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A baby who was at the NYPD graduation ceremony Wednesday to watch his father become an officer suddenly started choking on a snack
Nearby officers heard the baby's mother's cries for help and rushed over to administer CPR
Baby Daniel was saved, and cheers rang out on the third level of Madison Square Garden as he started breathing again
There's been a lot of amazing moments at Madison Square Garden, but a close call involving a choking baby Wednesday was anything but a game.
During the NYPD Police Academy graduation Wednesday -- before 448 new officers tossed their caps in the air -- a baby boy named Daniel, who was in the audience to watch his father become one of New York's finest, suddenly started choking on a baby snack.
"He was sitting on my lap and suddenly I feel him shaking," said Daniel's mother, Lillian Escorcia. "After I turned him around to see, I saw that he was shaking profusely."
"His eyes were rolling back so I wasn't sure what was going on," she said. "I was just terrified. I didn't know what to do."
Escorcia started screaming for help, and a couple of sections away, veteran cops Det. Mark Reubins and Lt. Greg Besson heard the faint cries.
"We looked to our right and you heard, 'Help, help,' and you saw them holding the baby," said Reubins.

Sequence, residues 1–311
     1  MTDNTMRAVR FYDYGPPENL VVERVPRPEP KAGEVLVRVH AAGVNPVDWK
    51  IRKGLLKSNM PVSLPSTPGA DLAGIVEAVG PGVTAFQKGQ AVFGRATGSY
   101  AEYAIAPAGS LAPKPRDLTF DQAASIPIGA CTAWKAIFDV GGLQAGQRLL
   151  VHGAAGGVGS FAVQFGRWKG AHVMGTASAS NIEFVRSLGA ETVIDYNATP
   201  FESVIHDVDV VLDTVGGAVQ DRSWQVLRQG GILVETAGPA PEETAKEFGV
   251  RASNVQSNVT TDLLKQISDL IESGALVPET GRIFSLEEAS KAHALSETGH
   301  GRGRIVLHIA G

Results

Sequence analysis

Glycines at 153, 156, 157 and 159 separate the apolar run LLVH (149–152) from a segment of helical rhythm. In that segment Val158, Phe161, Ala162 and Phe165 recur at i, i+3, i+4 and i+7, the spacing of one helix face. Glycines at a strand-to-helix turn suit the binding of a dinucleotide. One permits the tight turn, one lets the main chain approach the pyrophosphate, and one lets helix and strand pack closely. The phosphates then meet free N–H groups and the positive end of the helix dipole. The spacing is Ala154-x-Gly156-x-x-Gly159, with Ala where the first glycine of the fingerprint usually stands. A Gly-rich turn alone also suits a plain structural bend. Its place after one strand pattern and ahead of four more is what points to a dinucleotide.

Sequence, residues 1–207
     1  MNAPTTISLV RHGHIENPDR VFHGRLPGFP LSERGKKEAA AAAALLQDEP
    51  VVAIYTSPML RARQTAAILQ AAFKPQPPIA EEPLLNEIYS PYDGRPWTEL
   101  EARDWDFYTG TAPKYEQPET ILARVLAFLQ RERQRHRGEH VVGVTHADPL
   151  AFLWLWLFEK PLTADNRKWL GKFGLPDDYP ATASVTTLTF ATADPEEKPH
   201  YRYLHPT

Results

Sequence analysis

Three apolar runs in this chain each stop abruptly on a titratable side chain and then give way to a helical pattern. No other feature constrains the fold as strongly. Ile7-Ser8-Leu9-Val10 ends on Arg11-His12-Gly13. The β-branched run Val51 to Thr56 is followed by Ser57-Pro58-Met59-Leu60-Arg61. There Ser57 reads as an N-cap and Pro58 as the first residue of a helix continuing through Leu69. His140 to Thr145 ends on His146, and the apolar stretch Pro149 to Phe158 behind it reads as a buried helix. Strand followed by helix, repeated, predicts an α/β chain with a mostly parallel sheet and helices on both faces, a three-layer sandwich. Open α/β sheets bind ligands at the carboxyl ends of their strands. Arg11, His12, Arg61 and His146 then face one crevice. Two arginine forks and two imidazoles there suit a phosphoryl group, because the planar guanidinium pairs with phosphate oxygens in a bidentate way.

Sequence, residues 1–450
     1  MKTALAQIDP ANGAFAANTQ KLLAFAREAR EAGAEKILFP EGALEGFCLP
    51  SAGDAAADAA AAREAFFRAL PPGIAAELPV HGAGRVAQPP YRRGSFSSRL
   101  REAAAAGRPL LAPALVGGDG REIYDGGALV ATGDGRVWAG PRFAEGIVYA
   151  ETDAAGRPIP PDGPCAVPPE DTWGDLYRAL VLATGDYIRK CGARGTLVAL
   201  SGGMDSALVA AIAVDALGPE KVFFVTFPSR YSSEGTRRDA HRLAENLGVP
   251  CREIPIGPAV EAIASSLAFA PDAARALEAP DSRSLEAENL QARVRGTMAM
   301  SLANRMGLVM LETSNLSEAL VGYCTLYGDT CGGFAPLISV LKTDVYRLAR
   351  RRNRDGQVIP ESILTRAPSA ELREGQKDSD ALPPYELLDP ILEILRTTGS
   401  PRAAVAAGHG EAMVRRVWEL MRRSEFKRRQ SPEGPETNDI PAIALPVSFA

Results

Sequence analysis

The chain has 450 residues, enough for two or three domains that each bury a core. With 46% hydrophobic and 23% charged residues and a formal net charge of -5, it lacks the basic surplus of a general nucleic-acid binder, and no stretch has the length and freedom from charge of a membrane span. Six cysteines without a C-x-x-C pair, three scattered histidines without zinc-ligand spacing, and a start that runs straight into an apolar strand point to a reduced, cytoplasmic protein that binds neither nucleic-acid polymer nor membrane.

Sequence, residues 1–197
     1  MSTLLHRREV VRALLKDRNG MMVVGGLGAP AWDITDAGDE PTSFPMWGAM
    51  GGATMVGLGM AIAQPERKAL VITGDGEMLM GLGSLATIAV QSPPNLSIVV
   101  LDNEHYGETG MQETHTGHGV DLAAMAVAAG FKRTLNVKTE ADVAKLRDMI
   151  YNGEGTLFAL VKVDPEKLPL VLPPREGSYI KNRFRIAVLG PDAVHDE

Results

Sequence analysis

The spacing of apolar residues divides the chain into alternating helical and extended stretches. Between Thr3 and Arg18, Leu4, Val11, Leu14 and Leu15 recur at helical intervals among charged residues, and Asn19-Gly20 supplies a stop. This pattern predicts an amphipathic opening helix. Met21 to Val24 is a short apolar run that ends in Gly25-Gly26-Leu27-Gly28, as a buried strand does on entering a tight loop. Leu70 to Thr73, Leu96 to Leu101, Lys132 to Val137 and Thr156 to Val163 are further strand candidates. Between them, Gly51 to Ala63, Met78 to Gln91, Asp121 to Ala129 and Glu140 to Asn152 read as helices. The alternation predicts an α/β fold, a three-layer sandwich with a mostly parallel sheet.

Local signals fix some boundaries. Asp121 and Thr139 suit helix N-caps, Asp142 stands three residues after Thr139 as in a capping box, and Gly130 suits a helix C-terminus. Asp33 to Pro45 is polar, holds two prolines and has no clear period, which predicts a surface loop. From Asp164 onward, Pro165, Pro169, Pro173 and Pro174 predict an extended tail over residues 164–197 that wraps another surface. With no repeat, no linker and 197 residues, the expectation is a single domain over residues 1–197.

Besson and Reubins -- who's also a paramedic -- ran to baby Daniel, whose lips were turning blue.
"At that moment, I said to myself, 'Wow, game on. This is real,'" said Besson.
Reubins put the child across his lap and began CPR. The baby remained still for several back blows -- and suddenly, miraculously, began crying. Cheers and celebration rang out up on the third level of the Garden.
"It was pretty amazing at that point," said Reubins. "All you saw was that little foam and the bubbles coming out and that faint whimper, and then once you picked him up, you saw the crying and the looking around."
"Everybody in that section started clapping so that was actually pretty cool," he said. "It was a great moment."
Daniel was rushed to the hospital. His father, Leonarduo Escoria, never had the chance to throw his cap into the air. But because of his two new colleagues, he now does have the chance to hold his son.
"I'm so happy that he's OK, and especially being my first son -- it was a scary moment," he said.
Lillian Escoria told Reubins and Bessons, "I'm so happy you came. I was so terrified. I feel relieved that at least we had someone around to help us."